For individuals searching for online programs in construction, there are many, the majority focusing on construction management. Accredited colleges and universities offer and .
On the job, apprentices learn elementary structural design and become familiar with common carpentry jobs, such as layout, form building, rough framing, and outside and inside finishing. They also learn to use the tools, machines, equipment, and materials of the trade. In the classroom, apprentices learn safety, first aid, blueprint reading, freehand sketching, basic mathematics, and various carpentry techniques. Both in the classroom and on the job, they learn the relationship between carpentry and the other building trades.
The number of apprenticeship programs is limited, however, so only a small proportion of carpenters learn their trade through these programs. Most apprenticeships are offered by commercial and industrial building contractors with union membership.
Some people who are interested in carpentry careers choose to get their classroom training before seeking a job. There are a number of public and private vocational-technical schools and training academies affiliated with unions and contractors that offer training to become a carpenter. Employers often look favorably upon these students and usually start them at a higher level than those without the training.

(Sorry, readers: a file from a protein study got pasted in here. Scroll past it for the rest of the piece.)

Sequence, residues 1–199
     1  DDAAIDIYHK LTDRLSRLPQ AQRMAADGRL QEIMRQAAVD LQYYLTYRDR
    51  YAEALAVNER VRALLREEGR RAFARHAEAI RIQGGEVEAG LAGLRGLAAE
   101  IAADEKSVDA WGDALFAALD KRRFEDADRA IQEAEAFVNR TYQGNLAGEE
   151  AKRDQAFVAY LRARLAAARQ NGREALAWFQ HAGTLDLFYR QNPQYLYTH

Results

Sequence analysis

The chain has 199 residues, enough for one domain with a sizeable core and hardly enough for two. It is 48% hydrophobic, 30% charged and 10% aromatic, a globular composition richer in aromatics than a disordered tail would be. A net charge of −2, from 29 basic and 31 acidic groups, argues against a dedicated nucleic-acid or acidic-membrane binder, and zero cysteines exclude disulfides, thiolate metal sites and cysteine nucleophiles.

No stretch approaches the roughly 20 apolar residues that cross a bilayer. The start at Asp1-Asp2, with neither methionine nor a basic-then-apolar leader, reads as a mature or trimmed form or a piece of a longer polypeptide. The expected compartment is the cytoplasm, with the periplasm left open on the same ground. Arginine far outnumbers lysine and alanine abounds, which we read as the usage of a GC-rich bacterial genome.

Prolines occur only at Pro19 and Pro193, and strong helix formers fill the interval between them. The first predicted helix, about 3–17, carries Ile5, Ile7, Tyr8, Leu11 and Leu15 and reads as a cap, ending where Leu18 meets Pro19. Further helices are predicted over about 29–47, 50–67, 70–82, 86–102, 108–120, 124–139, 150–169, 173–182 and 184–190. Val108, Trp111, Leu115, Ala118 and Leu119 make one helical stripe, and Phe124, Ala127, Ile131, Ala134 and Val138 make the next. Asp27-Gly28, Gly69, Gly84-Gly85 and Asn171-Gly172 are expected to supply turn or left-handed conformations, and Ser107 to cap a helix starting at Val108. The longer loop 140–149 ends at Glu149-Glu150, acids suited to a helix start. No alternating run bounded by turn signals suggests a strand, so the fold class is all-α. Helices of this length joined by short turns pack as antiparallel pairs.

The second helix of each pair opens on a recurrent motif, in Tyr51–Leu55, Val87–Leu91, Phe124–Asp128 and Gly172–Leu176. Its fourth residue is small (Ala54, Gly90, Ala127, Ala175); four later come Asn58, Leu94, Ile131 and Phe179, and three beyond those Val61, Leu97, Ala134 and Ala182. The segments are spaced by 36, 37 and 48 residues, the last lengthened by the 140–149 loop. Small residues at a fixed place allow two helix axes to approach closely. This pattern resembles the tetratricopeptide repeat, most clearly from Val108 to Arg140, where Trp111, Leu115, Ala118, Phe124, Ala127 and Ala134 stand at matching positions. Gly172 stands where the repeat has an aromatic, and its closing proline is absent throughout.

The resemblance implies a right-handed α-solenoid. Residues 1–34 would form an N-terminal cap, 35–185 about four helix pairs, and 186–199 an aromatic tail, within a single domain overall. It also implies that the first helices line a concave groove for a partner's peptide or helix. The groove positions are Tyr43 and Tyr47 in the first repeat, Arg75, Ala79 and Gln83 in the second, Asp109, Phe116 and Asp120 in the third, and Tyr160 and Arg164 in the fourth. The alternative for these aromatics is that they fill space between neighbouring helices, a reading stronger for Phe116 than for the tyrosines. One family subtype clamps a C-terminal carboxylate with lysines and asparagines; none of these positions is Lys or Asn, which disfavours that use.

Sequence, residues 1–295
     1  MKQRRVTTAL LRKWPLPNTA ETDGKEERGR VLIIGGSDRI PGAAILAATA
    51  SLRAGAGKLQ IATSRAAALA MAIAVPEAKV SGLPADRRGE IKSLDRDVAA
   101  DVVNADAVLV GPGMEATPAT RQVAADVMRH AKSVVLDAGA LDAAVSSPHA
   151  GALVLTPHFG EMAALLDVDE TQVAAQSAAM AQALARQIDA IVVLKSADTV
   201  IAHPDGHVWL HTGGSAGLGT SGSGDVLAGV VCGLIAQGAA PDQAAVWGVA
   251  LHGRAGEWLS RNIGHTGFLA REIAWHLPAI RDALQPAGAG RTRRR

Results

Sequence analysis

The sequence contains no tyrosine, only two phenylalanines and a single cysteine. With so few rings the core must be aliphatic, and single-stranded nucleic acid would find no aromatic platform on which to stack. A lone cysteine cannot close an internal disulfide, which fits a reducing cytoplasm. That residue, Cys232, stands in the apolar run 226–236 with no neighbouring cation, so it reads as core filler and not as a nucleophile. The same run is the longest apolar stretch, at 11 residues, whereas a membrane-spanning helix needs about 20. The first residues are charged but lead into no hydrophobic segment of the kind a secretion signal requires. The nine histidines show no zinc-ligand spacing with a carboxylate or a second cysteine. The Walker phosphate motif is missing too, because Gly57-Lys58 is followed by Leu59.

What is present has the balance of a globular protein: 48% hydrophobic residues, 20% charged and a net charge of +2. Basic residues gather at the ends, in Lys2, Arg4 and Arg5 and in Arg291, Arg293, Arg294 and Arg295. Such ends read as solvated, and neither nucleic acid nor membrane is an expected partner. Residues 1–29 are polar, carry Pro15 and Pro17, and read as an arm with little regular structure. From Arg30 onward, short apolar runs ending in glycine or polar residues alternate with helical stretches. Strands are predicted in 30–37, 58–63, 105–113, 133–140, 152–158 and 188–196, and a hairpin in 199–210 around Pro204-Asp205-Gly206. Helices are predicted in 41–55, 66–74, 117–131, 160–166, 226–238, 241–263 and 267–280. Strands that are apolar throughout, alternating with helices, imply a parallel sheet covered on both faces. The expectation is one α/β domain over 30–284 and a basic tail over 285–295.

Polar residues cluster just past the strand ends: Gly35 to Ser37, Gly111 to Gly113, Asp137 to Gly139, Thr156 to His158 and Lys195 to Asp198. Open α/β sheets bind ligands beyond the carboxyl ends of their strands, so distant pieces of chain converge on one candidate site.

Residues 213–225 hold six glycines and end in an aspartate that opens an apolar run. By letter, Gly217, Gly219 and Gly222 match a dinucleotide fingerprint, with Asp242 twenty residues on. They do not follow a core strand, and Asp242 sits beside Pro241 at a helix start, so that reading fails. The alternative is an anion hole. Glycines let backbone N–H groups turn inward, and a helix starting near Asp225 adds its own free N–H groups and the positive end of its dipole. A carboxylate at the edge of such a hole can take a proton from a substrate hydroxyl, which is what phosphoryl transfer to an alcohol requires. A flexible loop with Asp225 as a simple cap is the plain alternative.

Carpenters who complete formal apprenticeship programs receive certification as a journeyman. Some carpenters earn other certifications in scaffold building, high torque bolting, or pump work. These certifications prove that carpenters are able to perform these tasks, which can lead to additional responsibilities.
In May 2008, median hourly wages of wage and salary carpenters were $18.72. The middle 50 percent earned between $14.42 and $25.37. The lowest 10 percent earned less than $11.66, and the highest 10 percent earned more than $33.34. Earnings can fluctuate due to the inability to work during bad weather and lack of work during recessions, as well as increased wages from overtime pay during busy periods.
The outlook foris good with an expected job growth about as fast as the average compared to all other occupations. This continuing need for carpenters is due to the increasing construction activity with building demands for new housing, offices, retail space, and the expansion of schools and industrial plants. In addition there will be a need to replace a steady stream of carpenters retiring from the industry.
Job opportunities should be best for those with the most training and skills. Those with a wide skill-set will have the best opportunities for steady work. Job opportunities for carpenters can also vary geographically due to the fluctuation of local economies. The areas with the largest population growth will provide the best opportunities for carpenters at all levels seeking employment.